Six odd ones…
Colchicum Byzantium which I purchased at the magnificent Melbourne International Flower and Garden Show at this time last year. Thrilled that it survived a burning summer. The wire is to stop the dogs from treading on them.
A delightfully stepped layer of fungus on my Guelder Rose.
Seedheads that look like alien insects, on one of Clematis Montanas.
A delivery of tulips, crocus and grape hyacinths which arrived last week. Plus lifted tulips from last year. All to be potted.
Freesias popping up along with the leaf growth of ‘I don’t know what.’ It flowers with a carpet of cerise starshaped flowers in spring and grows from tiny bulbs. Is spread right through the whole garden. Here before we bought this place over 30 years ago.
Seeds from last season’s sweetpeas. I dried the pods and then popped the seeds out of the pods today, because I gather one must plant them in Oz as close to Saint Patrick’s Day as possible (that’s tomorrow!).
To all those who know about seeds: Do I soak them first? Do I then plant in tubes in my cold frame? Or do I just broadcast them now, along the foot of the fence up which I want them to climb?
Happy SoS everyone! Do go to Mr.P and have a look at all the wonderful links!
And kind wishes to Basia – we’re thinking of everyone in NZ right now…
For sweet peas, I put them on a wet paper towel in a kitchen plastic box on a radiator: when I see the roots (just a few days), I plant them. As I said mine were sown in November and are ready for the season now.
Thanks, Fred. It’s not cold enough for heaters, so maybe if I place the towel in a sunny window? Rather like when we used to grow wheat seed on cottonwool as an experiment in primary school.
You definitely should soak the sweet peas – or as Fred does, keep them moist. I have one lot in my cold frame, well grown, ready to go out once there’s no risk of frost; I started them off in October, I think. I’ve just set another lot off yesterday, just in case – I adore sweet peas, but I have a bad record for keeping them alive!
Noted, Nicky. Frosts can happen here even in early summer. We did in fact have our first frost in late February which was so bizarre as we were knee-deep in the longest, hottest summer ever!
Not sure what to do once they begin to sprout because of the contrariness of frost. Shall have to proceed to my garden guru-friend who told me about Saint Patrick’s Day.
Spring is coming here with Hyacinths popping up and flowering tulips stating to pop up daffodils growing well and early ones flowering, Looking forward to summer here. Not sure if your blue plant is maybe a wild geranium, or a penstenom, lithospermum or salvia… it could of course be none of these 🙂 I need to think of starting of some seeds of my own.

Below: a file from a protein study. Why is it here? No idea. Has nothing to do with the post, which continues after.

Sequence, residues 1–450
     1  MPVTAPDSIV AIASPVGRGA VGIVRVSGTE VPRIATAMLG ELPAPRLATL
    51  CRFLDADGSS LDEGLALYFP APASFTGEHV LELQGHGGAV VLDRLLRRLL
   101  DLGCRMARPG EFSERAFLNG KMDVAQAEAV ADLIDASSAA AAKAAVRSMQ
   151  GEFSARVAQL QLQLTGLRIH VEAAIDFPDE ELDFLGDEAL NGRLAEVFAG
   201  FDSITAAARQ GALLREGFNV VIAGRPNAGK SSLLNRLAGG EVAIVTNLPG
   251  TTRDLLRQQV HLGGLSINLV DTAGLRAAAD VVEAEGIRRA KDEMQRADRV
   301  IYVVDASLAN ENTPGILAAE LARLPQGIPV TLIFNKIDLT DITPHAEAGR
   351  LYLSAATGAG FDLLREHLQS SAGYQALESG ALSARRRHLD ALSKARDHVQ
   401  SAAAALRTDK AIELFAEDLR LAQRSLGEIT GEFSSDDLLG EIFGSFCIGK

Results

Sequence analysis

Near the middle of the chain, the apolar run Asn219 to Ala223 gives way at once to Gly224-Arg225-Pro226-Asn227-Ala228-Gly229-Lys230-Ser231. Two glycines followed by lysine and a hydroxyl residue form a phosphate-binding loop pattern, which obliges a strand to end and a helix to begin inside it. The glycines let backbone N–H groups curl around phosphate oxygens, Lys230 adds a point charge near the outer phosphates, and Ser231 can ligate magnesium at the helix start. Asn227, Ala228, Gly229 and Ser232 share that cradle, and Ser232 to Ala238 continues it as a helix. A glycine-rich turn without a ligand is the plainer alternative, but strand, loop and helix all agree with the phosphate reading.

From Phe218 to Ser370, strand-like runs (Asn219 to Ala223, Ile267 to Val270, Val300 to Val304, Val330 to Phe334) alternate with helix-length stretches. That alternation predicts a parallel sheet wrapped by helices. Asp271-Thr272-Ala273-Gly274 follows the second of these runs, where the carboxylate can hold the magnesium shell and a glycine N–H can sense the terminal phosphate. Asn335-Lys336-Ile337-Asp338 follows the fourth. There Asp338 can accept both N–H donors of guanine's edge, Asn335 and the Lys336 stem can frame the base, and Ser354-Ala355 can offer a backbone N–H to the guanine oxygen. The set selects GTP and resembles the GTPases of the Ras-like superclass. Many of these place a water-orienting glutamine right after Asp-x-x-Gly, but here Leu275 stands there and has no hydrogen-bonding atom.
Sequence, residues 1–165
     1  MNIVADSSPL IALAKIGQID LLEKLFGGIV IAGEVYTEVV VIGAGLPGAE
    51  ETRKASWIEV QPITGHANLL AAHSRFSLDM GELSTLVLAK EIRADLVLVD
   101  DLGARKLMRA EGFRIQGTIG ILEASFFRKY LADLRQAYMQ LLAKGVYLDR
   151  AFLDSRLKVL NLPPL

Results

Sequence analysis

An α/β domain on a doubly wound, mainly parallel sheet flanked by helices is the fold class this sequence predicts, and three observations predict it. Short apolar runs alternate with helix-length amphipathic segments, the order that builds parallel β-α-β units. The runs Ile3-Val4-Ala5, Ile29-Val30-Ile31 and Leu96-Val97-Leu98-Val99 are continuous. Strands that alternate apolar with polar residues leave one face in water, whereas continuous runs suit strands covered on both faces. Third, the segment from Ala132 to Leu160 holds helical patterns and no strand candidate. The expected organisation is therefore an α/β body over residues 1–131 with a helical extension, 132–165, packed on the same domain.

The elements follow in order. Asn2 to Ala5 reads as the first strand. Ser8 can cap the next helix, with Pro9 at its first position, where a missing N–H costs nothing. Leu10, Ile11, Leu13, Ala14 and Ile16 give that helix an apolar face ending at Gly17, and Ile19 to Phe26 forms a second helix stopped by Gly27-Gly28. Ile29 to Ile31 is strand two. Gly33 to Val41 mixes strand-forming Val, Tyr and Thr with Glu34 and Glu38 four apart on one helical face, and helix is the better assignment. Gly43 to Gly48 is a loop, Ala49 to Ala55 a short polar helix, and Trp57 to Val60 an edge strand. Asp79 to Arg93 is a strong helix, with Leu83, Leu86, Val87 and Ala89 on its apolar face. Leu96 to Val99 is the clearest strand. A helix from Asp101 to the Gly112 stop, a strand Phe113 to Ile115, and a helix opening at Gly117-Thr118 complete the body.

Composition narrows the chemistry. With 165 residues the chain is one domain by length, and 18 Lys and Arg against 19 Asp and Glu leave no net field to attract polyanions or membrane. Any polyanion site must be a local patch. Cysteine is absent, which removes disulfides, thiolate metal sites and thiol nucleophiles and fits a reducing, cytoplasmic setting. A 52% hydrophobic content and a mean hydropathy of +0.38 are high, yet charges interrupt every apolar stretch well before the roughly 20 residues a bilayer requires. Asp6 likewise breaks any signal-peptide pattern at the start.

None of those, Libby. When spring comes, I shall put up pics and we shall se what emerges.
Hi Prue – where are you planting all those lovely bulbs? Are you trying in pots to save them from dog feet?
Hi there, Katharine. Yes, pots to protect from dogs but also to make portable to remove from face of wind when it comes. Our spring winds are legendary and every year, i lose tulips before they have even thrilled. This year, I intend to think ahead. Will it work? Heaven knows. The sea daffs though, may go into the garden. (I’m not actually a daffodil fan, except for a big bunch on the table in very late winter to encourage me to believe that spring is days away.) They are rather showy and may belnd nicely with my white garden. It all looks great in my head. Time, effort and the weather are another thing entirely… 😉
Like the picture of the fungus really interesting. I love it whe J get a Tulip delivery cheers up a wet autumn day. Nice blog.
Hallo Paul. Our Autumn days are so dry and summer is holding onto it’s place in the scheme of things. It’s hard to imagine that we will ever see autumn and yet the deciduous trees are changing. A spotted a big bough of red to claret leaves in the liquid amber yesterday. But we are still swimming and wearing shorts. And no rain for weeks.
I also like the picture of the fungus – quite special.
I have no idea why it’s there. It’s the least damp spot in the garden – faces north west and has summer’s full glare in its face.
To soak or not to soak. A controversial topic! I bought my seeds from a specialist sweet pea supplier last year. He said don’t bother soaking, so long as you keep the compost fairly moist. Mine all came up quite the thing. Sweet peas can be grown tough so a cold frame is fine.
What your specialist says ties in with what my garden guru does. She plants directly into tubes in her greenhouse and has raging success. I have yet to convince my OH that a hot house is de rigeur. Hence cold frame.